The most important thing, Raven said, is to expose children to nature. Invoking the argument of Rachel Carson’s 1965 A Sense of Wonder, Raven said that children between the ages of 4 and 10 are extremely impressionable, and that teaching them to appreciate the natural world will be the most effective way to ensure environmental consciousness in the next generation. But although Raven was a naturalist from a young age, he said that he “didn’t give a thought to conservation” while in graduate school in the 1950s. Carson’s 1962 book on the dangers of pesticides, Silent Spring, was Raven’s introduction to dangers of environmental degradation. Wilson also emphasized Carson’s legacy for the environmental movement; he proudly noted that Carson biographer Linda Lear had recently called him the “only surviving person who actually helped Rachel Carson” put together Silent Spring.

Raven and Wilson were only the 16th and 17th, respectively, to receive the Verrill Medal, which is the highest honor awarded by the Peabody Museum. Before a sympathetic crowd, Wilson tactfully avoided any mention of his own institution, Yale’s rival Harvard.

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West Africa’s sharks risk extinction


Dakar, Senegal – The uncontrolled catching of sharks in West Africa may cause the extinction of some of the species, according to Mika Diop, Fisheries Biologist and Co-ordinator of the Sharks Sub-regional Action Plan (PSRA-Sharks).

“As there has been a strong development of fisheries for these species in the last 20 years for fins exported to Asia and for the meat consumed in Ghana and Nigeria, there are significant catches threatening the stocks,” Diop said here Tuesday, at the opening of a training workshop for technicians from eight African countries in Dakar.

According to the scientist, sharks capture has dropped since 2002 due to the development of traditional fisheries but also due to “the very particular biology of these species, marked by an extraordinary longevity, a very low fecundity and a very slow growth”.

He said about 100, 000 tonnes of sharks were captured annually in the West African sub-region, noting however there had been a reduction in catches.

“Lower captures stand now at 50% in West Africa, against the 90s figures.” Diop said, explaining for instance that catches in Senegal fell from 10, 000 tonnes to 7, 400 tonnes between 2001 and 2002.

On his part, Bernard Seret, Researcher at the Institute of Research for Development (IRD), said the development of sharks fisheries in West Africa was boosted by Asia’s growing demand for fins.

Denouncing the poor management of the resource, Seret called for harmonised rules in the sub-region.

“We can no longer allow the uncontrolled use of the resources because they do not only belong to the fishermen but also to humanity,” he warned.

Sharks are described as the sea policemen as they don’t have any predators and are only threatened by fishing activities.

Even though there is a sub-regional action plan on the conservation and sustainable management of sharks species, experts said only Senegal and Guinea had so far adopted them.


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Congo rebels seize habitat for endangered gorillas

 USA Today

KINSHASA, Congo (AP) — Rebels have seized an area in eastern Congo that serves as a wildlife habitat for endangered mountain gorillas, threatening one of the last known populations of the animals, conservationists said Sunday.

Shelling and heavy gunfire could be heard from the headquarters of the Virunga National Park, and rangers were forced to flee over the weekend, said the international conservation group WildlifeDirect.

Only 700 mountain gorillas exist in the world, of which more than half live in the Virunga conservation area, a huge swath of territory at the intersection of Congo, Rwanda and Uganda.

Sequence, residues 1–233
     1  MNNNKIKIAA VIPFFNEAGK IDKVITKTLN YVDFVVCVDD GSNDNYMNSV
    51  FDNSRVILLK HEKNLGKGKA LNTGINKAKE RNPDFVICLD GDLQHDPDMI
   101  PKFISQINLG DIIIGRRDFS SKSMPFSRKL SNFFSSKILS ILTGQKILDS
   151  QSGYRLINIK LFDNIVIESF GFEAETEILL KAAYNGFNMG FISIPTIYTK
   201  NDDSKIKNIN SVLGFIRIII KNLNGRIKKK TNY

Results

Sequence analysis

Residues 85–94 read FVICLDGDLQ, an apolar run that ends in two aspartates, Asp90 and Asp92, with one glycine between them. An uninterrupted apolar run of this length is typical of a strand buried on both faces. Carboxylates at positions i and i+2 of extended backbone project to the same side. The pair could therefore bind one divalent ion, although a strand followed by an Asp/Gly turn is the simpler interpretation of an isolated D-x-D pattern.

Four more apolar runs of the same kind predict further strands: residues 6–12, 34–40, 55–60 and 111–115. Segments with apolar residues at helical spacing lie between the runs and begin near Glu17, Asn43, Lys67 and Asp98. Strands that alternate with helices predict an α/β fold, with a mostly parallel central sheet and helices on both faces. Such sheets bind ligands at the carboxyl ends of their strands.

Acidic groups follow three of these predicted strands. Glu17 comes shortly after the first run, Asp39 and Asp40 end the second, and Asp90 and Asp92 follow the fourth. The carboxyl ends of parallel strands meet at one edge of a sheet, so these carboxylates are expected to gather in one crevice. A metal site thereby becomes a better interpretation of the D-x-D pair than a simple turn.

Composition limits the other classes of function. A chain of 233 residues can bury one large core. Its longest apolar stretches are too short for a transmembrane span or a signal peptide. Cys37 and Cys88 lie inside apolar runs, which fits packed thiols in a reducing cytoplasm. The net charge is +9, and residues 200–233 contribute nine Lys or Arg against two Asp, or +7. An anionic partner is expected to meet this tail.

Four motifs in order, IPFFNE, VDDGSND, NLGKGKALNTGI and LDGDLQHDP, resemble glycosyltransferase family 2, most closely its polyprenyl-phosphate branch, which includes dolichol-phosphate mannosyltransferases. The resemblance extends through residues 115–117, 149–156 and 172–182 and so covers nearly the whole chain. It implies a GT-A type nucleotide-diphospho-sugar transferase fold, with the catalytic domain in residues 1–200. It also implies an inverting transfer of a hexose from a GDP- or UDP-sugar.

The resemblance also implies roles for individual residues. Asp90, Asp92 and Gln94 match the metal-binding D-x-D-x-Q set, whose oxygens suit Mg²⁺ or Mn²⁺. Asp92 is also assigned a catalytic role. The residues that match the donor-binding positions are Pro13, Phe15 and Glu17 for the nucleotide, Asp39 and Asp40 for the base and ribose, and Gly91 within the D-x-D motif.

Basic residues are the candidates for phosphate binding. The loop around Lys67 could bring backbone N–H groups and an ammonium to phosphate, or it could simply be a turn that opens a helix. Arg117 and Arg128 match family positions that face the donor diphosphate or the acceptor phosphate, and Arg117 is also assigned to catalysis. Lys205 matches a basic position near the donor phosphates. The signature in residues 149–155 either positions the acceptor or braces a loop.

Rebels loyal to warlord Laurent Nkunda have frequently battled over the park in their clashes with the army. Caught in the crossfire are the rare gorillas, 10 of which have been killed this year.

“This is a human conflict that is involving the mountain gorillas. They are not a target, but can so easily get caught in crossfire and shelling,” said Emmanuel de Merode, the director of the international conservation group WildlifeDirect.

“We still cannot protect our gorillas. This conflict has no place in the park, least of all in the habitat of these animals. We hope they will be unharmed,” said Norbert Mushenzi, director of the southern section of the park for the Congolese Institute for the Conservation of Nature.

The area containing the mountain gorillas was also attacked in January, when two silverbacks were killed. Four months ago, the dead body of a female gorilla was found. Conservationists say she was killed execution style.

International wildlife groups concerned about the welfare of the gorillas are funding a $100,000-crisis management program to increase the number of rangers patrolling the habitat.

“This appalling security situation is making it virtually impossible to implement the emergency program. There is a lot that we need to be doing, and we simply cant,” said Lucy Fauveau of the London Zoological Society.

Earlier this month, hundreds of people, including rangers and their families, fled the park after fighting broke out. Wildlife groups said huge swaths of the park, including several patrol posts, had been occupied by Nkunda’s insurgents and looted.

Since then, Nkunda’s forces allowed a handful of rangers back to track the gorillas and they accounted for 18 of the estimated 72 mountain gorillas on the Congo side of the park, WildlifeDirect said.

But the most recent outburst of fighting forced the rangers who had returned to flee again, leaving no one to track the rare animals.

Virunga National Park, established in 1925 as Africa’s first national park, is located in a lawless swath of eastern Congo that the country’s government has struggled to bring under control for years.

Eastern Congo has been gripped by violence involving militias and rebels for more than a decade. Government forces have failed to prevent sporadic outbreaks of violence since the end of the country’s four-year war in 2002.